• a number of exciting startups, but most with a narrow, too-local view of the world
  • and the sense that, before too long, they may well get it right!

While a week is not enough time to understand a country this post – the first of two – looks at the Finnish entrepreneurial ecosystem and its strengths and weaknesses.

The Helsinki Spring
Entrepreneurship and innovation are bubbling around Helsinki and Aalto University. There are thousands of excited students, and Aalto university is working hard to become an outward facing institution. Having a critical mass of people who think startups are cool in the same location is a key indicator of whether a cluster can catch fire. Finnish startup successes on a global stage include MySQL, F-Secure, Rovio, Habbo, PlayfishThe Switch, TectiaTrulia and Linux. While it’s not clear yet whether the numbers of startups in Helsinki are sufficient to ignite, it feels like it’s getting there, (and given the risk-averse and paternal nature of Finland that by itself is a miracle.)

The good news is that for a 5 million person country, there’s an emerging entrepreneurial ecosystem that looks like something this:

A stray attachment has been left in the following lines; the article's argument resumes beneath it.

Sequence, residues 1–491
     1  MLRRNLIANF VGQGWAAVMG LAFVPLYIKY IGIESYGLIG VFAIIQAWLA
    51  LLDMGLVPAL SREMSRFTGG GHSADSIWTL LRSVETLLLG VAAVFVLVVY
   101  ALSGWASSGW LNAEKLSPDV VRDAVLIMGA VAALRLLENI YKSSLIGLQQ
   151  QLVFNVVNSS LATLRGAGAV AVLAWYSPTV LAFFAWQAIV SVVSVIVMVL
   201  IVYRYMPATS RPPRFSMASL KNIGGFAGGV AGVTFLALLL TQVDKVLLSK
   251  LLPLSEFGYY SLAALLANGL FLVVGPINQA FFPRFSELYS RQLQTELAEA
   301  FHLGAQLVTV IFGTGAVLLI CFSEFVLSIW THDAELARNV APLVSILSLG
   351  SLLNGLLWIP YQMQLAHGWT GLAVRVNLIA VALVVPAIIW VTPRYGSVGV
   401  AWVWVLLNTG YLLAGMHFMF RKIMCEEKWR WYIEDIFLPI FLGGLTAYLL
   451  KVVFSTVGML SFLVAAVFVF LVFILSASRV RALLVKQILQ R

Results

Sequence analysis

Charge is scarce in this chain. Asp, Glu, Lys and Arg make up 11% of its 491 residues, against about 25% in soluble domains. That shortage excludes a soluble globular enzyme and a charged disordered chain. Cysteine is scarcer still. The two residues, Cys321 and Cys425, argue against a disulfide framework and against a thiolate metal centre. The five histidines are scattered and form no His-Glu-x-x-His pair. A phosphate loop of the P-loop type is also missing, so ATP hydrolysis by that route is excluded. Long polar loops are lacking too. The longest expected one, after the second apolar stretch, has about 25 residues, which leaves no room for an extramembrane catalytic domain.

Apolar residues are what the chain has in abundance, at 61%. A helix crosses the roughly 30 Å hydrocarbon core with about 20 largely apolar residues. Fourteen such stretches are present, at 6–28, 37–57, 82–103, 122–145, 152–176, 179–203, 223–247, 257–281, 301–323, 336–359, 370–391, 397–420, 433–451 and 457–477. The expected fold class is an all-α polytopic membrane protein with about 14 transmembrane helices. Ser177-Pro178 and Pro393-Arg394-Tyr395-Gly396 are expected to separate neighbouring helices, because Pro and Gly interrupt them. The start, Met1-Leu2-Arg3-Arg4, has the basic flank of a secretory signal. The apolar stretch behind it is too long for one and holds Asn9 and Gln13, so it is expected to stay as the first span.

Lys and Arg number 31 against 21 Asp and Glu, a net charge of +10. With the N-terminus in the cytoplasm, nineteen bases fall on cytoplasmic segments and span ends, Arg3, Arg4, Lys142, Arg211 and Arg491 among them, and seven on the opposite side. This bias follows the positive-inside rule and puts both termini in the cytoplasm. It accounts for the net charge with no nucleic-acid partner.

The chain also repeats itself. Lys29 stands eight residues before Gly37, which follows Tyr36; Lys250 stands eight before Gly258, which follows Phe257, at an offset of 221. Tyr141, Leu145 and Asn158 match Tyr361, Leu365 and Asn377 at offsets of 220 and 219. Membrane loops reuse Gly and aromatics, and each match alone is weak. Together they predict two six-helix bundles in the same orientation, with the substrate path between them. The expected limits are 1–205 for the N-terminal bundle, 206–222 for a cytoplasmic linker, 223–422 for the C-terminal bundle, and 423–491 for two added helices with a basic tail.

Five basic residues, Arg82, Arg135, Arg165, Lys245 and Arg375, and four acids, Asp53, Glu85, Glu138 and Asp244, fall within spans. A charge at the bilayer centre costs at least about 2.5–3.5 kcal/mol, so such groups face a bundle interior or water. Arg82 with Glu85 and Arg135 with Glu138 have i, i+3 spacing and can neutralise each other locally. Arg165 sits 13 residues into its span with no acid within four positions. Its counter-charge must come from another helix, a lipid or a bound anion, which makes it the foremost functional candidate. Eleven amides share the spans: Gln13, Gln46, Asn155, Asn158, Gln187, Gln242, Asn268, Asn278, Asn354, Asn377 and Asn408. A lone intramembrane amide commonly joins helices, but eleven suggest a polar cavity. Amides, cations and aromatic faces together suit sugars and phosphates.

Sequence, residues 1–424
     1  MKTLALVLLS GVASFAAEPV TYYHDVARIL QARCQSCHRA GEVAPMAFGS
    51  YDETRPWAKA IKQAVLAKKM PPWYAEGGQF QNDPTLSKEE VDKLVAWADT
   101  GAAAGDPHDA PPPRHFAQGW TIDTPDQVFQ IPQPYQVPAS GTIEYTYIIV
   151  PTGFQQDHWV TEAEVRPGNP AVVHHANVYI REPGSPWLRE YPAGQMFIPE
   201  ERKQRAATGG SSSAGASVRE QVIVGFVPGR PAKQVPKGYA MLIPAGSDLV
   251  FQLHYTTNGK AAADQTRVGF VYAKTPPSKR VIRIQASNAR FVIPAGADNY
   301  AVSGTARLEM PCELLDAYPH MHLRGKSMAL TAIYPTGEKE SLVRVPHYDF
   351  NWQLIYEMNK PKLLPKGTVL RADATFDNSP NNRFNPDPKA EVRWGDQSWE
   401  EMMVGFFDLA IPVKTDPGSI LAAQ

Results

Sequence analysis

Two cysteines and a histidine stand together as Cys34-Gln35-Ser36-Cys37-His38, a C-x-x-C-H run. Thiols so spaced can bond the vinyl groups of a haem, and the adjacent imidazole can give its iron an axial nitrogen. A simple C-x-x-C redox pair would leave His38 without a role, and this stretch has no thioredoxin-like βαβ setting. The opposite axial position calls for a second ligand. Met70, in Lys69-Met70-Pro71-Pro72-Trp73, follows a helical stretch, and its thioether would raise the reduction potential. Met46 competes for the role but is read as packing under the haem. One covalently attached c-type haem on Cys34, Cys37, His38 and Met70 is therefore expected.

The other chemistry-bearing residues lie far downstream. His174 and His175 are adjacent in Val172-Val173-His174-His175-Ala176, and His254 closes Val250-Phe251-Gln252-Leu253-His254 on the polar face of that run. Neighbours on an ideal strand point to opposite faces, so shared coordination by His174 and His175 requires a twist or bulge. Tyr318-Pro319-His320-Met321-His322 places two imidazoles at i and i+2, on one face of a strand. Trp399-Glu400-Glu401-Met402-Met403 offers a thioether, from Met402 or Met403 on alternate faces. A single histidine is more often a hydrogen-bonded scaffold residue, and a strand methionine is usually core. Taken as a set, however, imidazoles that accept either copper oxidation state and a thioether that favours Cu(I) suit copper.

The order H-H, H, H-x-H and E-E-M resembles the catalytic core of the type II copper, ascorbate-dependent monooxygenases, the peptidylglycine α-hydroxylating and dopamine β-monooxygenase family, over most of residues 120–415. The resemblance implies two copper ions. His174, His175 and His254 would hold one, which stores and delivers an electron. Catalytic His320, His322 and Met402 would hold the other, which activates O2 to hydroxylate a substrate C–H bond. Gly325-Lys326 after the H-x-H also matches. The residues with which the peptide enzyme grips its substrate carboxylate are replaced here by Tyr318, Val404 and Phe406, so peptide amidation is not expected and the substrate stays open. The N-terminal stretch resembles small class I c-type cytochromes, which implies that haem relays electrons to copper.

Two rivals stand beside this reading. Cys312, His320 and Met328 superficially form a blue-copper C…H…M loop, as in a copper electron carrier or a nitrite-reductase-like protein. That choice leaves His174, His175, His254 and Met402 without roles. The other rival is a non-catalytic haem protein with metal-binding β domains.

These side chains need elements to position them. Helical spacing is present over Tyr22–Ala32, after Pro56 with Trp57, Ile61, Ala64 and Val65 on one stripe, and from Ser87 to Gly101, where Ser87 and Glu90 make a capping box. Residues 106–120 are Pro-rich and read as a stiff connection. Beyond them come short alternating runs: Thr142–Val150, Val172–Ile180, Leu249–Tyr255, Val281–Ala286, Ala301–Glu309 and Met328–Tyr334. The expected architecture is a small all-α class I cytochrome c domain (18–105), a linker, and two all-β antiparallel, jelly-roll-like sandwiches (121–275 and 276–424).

9-to-5 Venture Capital
Ironically one of the things that’s holding back the Finnish cluster is Tekes, the government organization for financing research, development and innovation in Finland. It’s hard enough to pick which existing companies with known business models to aid. Yet Tekes does that and is trying to act like a government-run Venture Capital firm. At Tekes, government employees (and their hired consultants) – with no equity, no risk or reward, no startup or venture capital experience – try to pick startup winners and losers.

Tekes has ended up competing with and stifling the nascent VC industry, indiscriminately handing out checks to entrepreneurs like an entitlement. (To be fair this is an extension of the government’s role in almost all parts of Finnish life.)

In addition to Tekes, Vigo, the government’s attempt at funding private business accelerators, started with good intentions and got hijacked by government bureaucrats. The accelerators I met with (the ones the government pointed to as their success stories) said they were leaving the program.